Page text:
Last Autumn we reviewed McGraw-Hill’s Color Atlas of Family Medicine, declaring it a comprehensive atlas quite useful for primary practioners.

Here we review the App version of another work developed by Usatine Media LLC in the McGraw-Hill Atlas series — the Atlas of Emergency Medicine (3rd edition). The Atlas prides itself on being the “single most authoritative collection of clinical images, illustrations, ultrasounds, radiographs, and EKG’s that are seen in the emergency department”.

Edited by Emergency Medicine professors from the Uniformed Services University of Health Sciences and Vanderbilt University, the 3rd edition of the Atlas has received positive reviews as both a reference text and learning tool as well as a guide that can be used in the ED at the point-of-care (though portability is an issue: it’s a 932-page hardcover behemoth! Not likely to fit in your white coat pockets).

Transformed into app form by Usatine Media, the Atlas brings its full content to the iPhone and iPod touch, and is customized for the iPad as well.  The iPad pictures of the App will be included on the second page of this review. 

In terms of changes made for this 3rd edition of the Atlas, the Foreword notes the presence of new chapters covering the airway, EKG, toxicology, and tropical diseases. Moreover, this edition boasts more than double the number of images in prior editions of the Atlas. Finally, this edition features new “Clinical Pearls” sections for summaries of key points.

As for the app itself, the Atlas App’s home screen displays the Table of Contents, along with functions across the bottom bar that include “Contents,” “Index,” “Search Text,” “Search Figures,” and “More.”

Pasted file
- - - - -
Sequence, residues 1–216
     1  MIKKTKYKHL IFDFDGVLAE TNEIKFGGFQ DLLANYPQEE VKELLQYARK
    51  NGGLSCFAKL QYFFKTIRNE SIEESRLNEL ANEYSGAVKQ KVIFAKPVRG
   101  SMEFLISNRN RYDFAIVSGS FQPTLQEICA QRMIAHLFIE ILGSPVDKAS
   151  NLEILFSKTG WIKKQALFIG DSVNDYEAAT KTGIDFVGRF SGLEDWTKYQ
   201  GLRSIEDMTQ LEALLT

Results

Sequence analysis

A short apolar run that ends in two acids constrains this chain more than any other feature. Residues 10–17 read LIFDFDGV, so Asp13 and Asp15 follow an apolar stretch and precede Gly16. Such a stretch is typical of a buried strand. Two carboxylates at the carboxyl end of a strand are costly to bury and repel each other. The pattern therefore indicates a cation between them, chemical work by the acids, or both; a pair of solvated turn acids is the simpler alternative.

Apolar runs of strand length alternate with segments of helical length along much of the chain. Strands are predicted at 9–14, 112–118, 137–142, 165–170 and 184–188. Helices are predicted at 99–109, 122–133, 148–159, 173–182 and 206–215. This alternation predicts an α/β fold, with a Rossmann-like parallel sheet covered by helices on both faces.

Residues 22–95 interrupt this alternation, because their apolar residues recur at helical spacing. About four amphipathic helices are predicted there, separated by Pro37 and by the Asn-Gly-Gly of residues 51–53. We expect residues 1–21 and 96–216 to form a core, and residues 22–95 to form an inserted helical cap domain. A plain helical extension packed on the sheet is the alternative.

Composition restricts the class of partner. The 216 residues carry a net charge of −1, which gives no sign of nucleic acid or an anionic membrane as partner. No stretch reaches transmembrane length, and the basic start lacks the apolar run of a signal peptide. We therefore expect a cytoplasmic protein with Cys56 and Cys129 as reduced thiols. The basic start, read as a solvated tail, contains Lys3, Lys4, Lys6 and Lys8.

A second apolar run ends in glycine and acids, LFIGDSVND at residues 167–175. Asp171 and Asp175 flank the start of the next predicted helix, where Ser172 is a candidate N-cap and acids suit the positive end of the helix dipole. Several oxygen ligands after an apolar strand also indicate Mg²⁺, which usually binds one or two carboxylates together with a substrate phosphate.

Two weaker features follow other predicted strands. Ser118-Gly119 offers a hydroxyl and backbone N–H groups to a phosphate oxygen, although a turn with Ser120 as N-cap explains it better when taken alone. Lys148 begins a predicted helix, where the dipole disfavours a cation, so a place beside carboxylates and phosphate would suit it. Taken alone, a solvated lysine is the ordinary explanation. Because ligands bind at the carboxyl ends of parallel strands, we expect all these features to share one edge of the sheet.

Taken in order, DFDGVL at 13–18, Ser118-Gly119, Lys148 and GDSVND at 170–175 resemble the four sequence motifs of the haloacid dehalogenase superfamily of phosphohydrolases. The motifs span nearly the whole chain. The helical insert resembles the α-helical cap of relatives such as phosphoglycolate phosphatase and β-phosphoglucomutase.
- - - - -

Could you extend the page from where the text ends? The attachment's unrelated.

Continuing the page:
The Table of Contents is conveniently organized locally by organ system (Eye, ENT, Mouth, Chest and Abdomen, etc.), by category (Forensic Medicine, Tropical Medicine, etc.), or imaging modality (EKG Abnormalities, Emergency Ultrasound, etc.). This division of chapters through the Table of Contents is most useful when the App is browsed as a textbook for learning.

Clicking on a chapter (here, Extremity Trauma) displays a scrollable list of the chapter’s topics.

Clicking on a section (here, Shoulder Dislocation, 11-2) brings up the topic’s associated image thumbnails followed by the topic text, which characteristically includes the following sections: Clinical Summary, Emergency Department Treatment and Disposition, Pearls, and a repeat of the image thumbnails at the end of the section. Clicking on an image thumbnail (here, a plain film radiograph depicting posterior shoulder dislocation) displays the image (clinical or radiograph) with a descriptive caption (here, pointing out the “ice cream cone sign”). Of note, the images can be magnified for a closer look.

Although the Table of Contents is an appropriate method of browsing the Atlas as a textbook for learning, the Text Search and Figures Search represent more powerful tools for point-of-care or quick reference use. These two search functions are separate and located along the bottom bar.

A few improvements to the search function in this App over the Color Atlas of Family Medicine App include auto-complete suggestions for search terms, search results of sections sorted by the number of matches, and search terms highlighted in yellow.

Also of note, the App “remembers” previous searches such that they appear in the search function start screen. Indeed, we feel this App’s search function represents a pronounced upgrade over the Color Atlas of Family Medicine App’s search function.

The Figures Search function works the same way, and the previous searches are synced between the Text and Figures Searches.

Continue on for the summary and for pictures of the app on the iPad: